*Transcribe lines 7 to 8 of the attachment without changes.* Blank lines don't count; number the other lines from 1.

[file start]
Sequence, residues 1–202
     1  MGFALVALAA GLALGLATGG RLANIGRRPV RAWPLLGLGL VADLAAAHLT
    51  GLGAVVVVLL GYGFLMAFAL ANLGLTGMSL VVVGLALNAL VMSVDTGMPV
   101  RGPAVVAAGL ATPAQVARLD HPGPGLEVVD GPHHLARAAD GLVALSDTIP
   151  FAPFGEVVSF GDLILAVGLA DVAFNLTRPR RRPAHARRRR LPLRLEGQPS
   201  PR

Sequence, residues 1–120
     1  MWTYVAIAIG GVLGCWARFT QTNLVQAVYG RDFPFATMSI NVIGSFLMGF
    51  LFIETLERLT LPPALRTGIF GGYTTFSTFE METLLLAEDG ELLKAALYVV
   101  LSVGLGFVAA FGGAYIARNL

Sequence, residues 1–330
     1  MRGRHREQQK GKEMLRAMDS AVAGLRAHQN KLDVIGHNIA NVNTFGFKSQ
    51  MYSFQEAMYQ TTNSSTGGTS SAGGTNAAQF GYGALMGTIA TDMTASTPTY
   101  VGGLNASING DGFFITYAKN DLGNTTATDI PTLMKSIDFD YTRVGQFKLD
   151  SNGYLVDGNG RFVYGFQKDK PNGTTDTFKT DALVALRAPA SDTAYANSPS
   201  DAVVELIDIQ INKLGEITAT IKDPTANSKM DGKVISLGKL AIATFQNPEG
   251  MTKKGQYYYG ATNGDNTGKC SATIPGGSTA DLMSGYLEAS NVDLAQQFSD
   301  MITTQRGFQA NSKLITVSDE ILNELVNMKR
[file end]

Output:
Sequence, residues 1–120
     1  MWTYVAIAIG GVLGCWARFT QTNLVQAVYG RDFPFATMSI NVIGSFLMGF